Except the mandate was unpopular, so as the idea worked its way through Congress, the mandate became weak … too weak to achieve universality. And when Obama’s HHS started implementing regulations, they also erred on the side of weakness. These were reasonable, politically prudent concerns. But they meant the ACA didn’t achieve universality, and since they weren’t achieving universality anyway, there was no need to have the mandate at all. The mandate was a controversial and politically risky effort so that “America is the only industrialized country to not guarantee health insurance to all its citizens” would no longer be true. Once you give up on that, it’s easier to just help people in a popular way.
And I think that you see the same overpromising poisoning the Build Back Better process. Democrats just do not have the revenue-raising capability to create universal preschool, universal paid parental leave, and a universal subsidized child care program that manages to cut costs while actually raising wages for providers. But instead of admitting that to themselves, they wrote a universal leave plan that’s not universal, a preschool plan that most states will reject, and a child care program that will raise costs for the unsubsidized. And that was before Manchin and Sinema started further squeezing the available revenue. Indeed, for a lot of people, the extent to which progressives were overpromising all along will be obscured by the fact that these things needed to be cut down to meet moderate approval. They just didn’t have it in them to propose the scale of tax increases that would create a cradle-to-grave welfare state.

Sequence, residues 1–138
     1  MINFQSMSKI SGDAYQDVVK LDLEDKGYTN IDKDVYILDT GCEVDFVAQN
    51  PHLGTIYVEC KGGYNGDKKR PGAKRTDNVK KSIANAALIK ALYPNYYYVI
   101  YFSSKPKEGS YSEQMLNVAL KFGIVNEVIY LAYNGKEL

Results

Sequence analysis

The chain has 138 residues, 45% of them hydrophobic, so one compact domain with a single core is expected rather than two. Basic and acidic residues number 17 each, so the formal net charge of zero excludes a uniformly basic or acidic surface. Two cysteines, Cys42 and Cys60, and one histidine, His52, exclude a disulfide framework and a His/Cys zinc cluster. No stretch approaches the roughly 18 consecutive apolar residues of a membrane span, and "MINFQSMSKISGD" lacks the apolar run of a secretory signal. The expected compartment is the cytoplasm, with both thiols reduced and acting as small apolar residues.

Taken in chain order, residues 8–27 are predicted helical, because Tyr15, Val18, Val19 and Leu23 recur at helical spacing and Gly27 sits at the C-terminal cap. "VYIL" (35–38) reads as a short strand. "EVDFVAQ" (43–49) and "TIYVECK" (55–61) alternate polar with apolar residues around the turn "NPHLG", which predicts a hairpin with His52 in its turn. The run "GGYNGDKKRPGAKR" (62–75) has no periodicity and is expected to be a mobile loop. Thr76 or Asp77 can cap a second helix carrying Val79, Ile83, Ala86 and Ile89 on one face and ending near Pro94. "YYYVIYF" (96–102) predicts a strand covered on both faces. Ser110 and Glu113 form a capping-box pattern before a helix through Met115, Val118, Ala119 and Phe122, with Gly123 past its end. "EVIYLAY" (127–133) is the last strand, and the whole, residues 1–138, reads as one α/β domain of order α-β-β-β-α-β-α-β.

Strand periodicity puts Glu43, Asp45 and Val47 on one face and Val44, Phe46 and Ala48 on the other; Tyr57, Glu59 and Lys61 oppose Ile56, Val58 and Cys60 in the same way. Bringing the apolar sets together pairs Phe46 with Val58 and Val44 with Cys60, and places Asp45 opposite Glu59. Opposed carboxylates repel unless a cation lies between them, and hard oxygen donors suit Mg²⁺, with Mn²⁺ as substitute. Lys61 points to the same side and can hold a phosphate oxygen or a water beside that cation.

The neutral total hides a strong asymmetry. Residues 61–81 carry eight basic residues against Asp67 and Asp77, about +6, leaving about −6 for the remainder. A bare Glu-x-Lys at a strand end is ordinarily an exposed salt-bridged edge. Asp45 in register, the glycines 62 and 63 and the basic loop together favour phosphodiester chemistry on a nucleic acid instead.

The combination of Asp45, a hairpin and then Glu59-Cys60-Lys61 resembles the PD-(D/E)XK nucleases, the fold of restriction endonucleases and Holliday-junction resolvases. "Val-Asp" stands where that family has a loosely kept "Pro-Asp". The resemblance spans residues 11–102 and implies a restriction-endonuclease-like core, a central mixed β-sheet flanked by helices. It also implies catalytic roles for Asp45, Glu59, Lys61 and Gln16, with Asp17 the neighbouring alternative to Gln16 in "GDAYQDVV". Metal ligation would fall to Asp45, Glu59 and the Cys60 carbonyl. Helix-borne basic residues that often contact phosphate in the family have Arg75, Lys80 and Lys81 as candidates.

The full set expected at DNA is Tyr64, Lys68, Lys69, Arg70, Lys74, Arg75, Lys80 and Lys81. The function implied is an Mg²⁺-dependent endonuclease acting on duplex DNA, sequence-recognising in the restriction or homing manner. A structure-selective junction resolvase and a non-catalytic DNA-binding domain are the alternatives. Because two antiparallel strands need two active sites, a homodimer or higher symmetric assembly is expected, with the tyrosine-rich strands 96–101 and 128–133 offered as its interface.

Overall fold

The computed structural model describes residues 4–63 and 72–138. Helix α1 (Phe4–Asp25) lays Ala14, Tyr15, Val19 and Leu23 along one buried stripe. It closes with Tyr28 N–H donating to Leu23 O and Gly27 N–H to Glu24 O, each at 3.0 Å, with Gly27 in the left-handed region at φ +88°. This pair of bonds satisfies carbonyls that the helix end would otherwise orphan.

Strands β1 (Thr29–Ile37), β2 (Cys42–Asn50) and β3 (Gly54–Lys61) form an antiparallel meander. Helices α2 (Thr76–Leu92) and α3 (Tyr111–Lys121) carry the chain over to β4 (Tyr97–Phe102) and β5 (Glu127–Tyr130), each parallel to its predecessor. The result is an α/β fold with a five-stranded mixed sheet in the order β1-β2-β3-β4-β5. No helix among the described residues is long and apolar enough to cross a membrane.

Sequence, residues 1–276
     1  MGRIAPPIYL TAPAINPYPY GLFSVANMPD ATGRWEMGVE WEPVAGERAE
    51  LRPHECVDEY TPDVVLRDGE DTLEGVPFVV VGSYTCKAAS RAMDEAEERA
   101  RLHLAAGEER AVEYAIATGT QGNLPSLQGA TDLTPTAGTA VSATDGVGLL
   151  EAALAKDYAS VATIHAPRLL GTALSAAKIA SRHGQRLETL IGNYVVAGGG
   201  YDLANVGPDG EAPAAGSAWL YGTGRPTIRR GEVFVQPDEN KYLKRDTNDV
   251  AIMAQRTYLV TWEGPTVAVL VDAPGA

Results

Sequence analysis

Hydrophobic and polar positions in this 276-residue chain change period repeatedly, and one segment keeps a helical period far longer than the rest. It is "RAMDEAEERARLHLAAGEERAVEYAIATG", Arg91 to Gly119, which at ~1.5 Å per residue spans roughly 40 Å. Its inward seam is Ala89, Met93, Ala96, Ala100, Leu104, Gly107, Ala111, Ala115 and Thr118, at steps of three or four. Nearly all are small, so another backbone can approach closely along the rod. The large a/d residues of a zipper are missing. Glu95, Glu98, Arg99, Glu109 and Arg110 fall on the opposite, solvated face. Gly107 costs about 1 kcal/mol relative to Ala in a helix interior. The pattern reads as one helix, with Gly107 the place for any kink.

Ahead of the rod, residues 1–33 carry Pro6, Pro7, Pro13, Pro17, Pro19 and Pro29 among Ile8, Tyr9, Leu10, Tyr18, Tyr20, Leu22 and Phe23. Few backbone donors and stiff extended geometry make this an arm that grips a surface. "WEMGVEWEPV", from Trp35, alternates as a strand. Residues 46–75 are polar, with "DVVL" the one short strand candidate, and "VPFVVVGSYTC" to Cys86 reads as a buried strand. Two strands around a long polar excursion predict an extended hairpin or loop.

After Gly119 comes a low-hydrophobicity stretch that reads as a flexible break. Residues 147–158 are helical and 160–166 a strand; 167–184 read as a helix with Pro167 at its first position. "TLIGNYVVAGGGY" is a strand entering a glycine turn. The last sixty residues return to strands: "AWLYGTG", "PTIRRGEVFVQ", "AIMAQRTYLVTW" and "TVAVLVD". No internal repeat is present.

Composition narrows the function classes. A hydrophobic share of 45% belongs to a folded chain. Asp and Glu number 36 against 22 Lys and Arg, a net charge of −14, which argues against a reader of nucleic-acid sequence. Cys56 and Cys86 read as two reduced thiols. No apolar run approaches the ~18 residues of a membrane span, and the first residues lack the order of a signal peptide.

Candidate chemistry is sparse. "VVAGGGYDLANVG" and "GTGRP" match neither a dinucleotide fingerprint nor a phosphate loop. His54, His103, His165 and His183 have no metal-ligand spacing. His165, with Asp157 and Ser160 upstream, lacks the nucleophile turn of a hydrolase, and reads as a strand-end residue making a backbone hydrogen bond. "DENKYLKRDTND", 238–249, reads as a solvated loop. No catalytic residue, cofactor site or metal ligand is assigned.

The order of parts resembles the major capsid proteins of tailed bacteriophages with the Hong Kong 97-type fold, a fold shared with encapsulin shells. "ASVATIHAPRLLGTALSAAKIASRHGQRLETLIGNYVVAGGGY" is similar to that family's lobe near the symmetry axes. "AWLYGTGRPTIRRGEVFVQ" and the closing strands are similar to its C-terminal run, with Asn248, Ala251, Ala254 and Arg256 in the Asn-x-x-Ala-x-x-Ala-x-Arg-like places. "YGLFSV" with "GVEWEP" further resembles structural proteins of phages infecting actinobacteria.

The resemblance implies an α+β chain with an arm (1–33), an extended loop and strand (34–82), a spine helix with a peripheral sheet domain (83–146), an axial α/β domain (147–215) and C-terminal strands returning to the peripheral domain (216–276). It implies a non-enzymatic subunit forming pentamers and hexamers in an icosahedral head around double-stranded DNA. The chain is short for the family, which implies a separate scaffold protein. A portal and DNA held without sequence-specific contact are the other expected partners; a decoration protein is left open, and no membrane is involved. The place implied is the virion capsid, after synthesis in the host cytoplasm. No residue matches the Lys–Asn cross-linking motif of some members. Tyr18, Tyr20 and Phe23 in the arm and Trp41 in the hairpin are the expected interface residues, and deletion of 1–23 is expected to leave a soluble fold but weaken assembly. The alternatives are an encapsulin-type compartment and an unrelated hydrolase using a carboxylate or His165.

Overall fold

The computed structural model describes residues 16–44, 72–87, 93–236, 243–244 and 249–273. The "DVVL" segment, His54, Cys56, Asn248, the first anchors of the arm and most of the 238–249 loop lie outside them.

What is to be done?
I think the beginning of wisdom is to just admit that there is no short-term path to get from where America is today to the kind of comprehensive welfare state that left-wing people admire.
Once you give up, you can get to work.
The first thing is setting priorities. Reasonable people can disagree, but to me, the sky-high child poverty rate in the United States stands out as a moral scandal in a way that none of the other shortcomings of our welfare state do. And there are politically viable ways to address this, either with a permanent Biden-style Child Tax Credit or with something more like Mitt Romney’s child allowance proposal. The key, though, is that to have enough money for this, you’d need to tell other advocates on adjacent issues “no.” Say “I don’t have a problem with your idea, but we can’t do everything, and we’re doing this first.”
Second, it’s also essential to work on these issues at the state level. The median voter in Oregon or Connecticut is substantially to the left of the median American voter, who in turn is to the left of the median Senate seat. That doesn’t mean people in Connecticut love tax increases and big government, but it’s an easier sell there. And if you can do universal preschool in Connecticut and Massachusetts and everyone loves it, then maybe it’ll sell in New Hampshire and Maine. The difficult thing is that everyone seems to agree you can’t finance state government in Connecticut exclusively through taxing billionaires (the concern is that they’ll move), but in a way, this is a useful discipline. State governments are under pressure to deliver public services in a cost-effective way so that people feel they’re getting value for their money. That’s hard, but if you can pull it off it’s very valuable.